This book was interesting, but it was also maddening because of the many times Brown says something is a fact, when in reality he has presented a distortion of fact. As a Christian, I was offended by the blantant attacks on Christianity. The Bible has been shown to be one of the most accurate and reliable of ancient books. When one actually studies the evidence, and considers the Bible honestly and intelligently, it becomes apparent that the theories in The Da Vinci Code are a bunch of hogwash.

    Was this review helpful? Yes  No   Report this review
  • Anonymous

    Posted April 8, 2004

    Da Vinci Code: A Novel

    I bought this book soon after it came out, expecting a great intellectual thriller and getting utter disappointment. Dan Brown is a very entertaining writer, but I would not call him a great one. I suppose it depends on if you are applying his writing skills to fun novels or real 'literature.' I found his style interesting but melodramatic. With half-crazed albinos saying menacingly, 'You should not have run,' and 'My work here is done,' and all the hairsbreadth escapes, the dramatic moments seemed more giggle-inducing than chilling to me. In summation, a fun read, but far from the stupendously brilliant one I expected.

    Was this review helpful? Yes  No   Report this review
  • Anonymous

    Posted May 20, 2004

    OK, I'm a Killjoy - I Don't Like This Book

    This pop novel has a lot to offer and I am loathe to criticize a work that stimulates intellectual interest, especially in a topic with such depth and significance. This book promised something fresh, not just in the extensive research but also in the character of Sophie. However, the author seems more interested in cramming every single detail his research unearthed than in developing characters and relationships. Teabling, for example, is a cookie-cutter character, a right jolly old elf with a sinister side. More important: Where the plot should unfold in an orderly fashion, the author spends many pages backing up and explaining the plot, as well as offering excuses for the events or twists that seem implausible. Unfortunately, this is what happens when a publisher glosses over the slow but nurturing process of editing. In sections where the writing is lucid, fluid, and elegant-- for example, the descriptions of Paris, which transport the reader, rather than instruct--Mr. Brown proves he has the skill to do better. Perhaps he will.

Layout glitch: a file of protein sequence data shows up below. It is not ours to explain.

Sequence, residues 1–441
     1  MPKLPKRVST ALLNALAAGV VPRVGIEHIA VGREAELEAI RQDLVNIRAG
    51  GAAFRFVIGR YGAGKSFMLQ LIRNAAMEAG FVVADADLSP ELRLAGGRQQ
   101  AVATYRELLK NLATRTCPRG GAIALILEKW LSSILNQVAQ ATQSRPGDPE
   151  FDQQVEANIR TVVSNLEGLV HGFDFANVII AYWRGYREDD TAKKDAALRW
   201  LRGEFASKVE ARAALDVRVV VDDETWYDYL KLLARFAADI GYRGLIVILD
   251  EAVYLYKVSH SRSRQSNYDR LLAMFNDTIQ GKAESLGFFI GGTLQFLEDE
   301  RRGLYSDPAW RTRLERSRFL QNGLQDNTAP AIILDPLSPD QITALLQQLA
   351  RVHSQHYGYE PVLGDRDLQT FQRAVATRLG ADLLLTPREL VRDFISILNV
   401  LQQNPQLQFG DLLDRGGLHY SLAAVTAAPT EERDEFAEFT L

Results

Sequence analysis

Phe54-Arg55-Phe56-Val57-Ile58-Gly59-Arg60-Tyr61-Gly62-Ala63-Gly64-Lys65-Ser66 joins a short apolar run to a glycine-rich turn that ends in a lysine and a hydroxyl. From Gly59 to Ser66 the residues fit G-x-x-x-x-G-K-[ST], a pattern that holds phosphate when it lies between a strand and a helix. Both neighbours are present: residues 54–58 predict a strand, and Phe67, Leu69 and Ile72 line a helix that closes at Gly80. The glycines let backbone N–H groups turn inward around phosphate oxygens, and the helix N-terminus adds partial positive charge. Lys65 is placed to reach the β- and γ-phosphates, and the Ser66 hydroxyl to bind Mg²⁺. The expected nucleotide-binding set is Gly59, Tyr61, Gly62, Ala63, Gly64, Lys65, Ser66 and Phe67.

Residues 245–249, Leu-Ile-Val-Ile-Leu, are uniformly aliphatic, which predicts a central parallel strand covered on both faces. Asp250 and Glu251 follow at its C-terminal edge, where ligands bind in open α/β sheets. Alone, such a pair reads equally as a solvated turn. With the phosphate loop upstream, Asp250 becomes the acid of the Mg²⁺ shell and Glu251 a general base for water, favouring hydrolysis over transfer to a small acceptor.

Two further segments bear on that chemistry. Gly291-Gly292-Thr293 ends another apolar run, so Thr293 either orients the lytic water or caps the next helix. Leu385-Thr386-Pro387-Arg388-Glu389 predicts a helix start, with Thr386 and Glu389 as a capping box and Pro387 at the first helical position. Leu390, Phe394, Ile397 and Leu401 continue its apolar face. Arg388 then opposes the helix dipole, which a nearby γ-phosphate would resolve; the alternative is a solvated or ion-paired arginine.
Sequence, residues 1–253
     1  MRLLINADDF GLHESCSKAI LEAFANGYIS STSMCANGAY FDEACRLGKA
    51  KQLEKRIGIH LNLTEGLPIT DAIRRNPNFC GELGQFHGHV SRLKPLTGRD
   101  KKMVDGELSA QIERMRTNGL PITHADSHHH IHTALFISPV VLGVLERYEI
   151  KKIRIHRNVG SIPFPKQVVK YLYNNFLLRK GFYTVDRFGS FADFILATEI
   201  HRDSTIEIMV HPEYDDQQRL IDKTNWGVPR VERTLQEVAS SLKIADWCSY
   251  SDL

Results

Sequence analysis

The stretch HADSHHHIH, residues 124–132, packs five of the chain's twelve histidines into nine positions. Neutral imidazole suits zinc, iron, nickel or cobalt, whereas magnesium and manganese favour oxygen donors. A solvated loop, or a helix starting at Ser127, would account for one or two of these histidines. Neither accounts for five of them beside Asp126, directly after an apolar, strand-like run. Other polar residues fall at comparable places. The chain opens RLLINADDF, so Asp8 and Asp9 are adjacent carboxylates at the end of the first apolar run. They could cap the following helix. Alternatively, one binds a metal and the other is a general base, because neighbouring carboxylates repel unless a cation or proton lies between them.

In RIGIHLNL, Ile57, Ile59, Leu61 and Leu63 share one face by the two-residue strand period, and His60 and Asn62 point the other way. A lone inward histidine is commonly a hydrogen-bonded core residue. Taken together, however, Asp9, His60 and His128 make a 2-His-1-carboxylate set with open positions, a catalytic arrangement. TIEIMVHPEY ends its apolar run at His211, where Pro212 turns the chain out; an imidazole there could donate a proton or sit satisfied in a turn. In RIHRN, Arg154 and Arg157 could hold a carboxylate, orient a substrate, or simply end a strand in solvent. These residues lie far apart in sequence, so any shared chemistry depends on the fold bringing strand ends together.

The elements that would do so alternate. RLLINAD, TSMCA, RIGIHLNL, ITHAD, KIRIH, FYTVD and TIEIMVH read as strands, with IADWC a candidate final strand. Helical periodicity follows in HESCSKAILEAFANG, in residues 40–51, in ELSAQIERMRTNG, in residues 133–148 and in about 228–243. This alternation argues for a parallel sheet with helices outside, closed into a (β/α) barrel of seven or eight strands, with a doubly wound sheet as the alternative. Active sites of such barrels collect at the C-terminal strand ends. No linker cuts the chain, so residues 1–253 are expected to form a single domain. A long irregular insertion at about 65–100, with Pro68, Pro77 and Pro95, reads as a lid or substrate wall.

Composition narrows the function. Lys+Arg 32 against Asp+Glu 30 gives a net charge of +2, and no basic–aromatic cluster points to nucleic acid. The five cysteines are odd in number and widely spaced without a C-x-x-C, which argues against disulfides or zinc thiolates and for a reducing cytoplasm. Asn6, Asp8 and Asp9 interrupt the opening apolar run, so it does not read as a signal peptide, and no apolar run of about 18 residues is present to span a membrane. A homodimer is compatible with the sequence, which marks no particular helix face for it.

Was this review helpful? Yes  No   Report this review
  • Anonymous

    Posted April 11, 2004

    Shame, Dan Brown, Shame

    This book is on the top of the bestseller list for a reason: there are a lot of people out there who are secretly attracted to junk novels and yet they don't want to admit to it. 'The Da Vinci Code' is a junk novel cleverly disguised as a highly educated, real-life-conspiracy-based, pretentious novel. But don't let that necessarily put you off. It's an interesting read. Extremely fast-paced, mystery-oriented, action-packed, and full of religious/historical intrigue (even if a good part of it is based on faulty theory). The above things don't necessarily make it a GOOD book. Dan Brown's writing style isn't the most eloquent or metaphorical out there. His characters are there simply as vehicles to propel his plot... and the plot is there simply to put his somewhat far-fetched hypothesis into physical form. There's absolutely no development or dynamic evolution on the part of the characters... a story that rides on plot alone isn't ALWAYS bad, but in this case it is. The critics who claim that Dan Brown is the best thing to come along since Shakespeare are absolutely mad.

    Was this review helpful? Yes  No   Report this review
  • Anonymous

    Posted May 31, 2004

    THERE ARE BETTER NOVELS

    After a friend told me about the plot to the DaVinci Code, I was intrigued. Frankly, I have a hard time understanding how this book got to be this popular. The first two chapters are very poor: it is very expositional, with the author explaining things rather than allowing us to get drawn into the story. Some of the revelations are just preposterous. But he does save the worst until last. The entire story disintegrates into a romance novel right out of Daniel Steele. I live in Northern California, where the two hottest books right now are James Dalessandro's incredible re-creation of the great San Francsico earthquake, 1906, and Alexander Greer's The Confessions of Max Tivoli do what great historical fiction should do: take us on an unforgettable journey, so we feel that we are in the middle of a time and a period long past. They are much better novels, as is Robert Harris' Pompeii.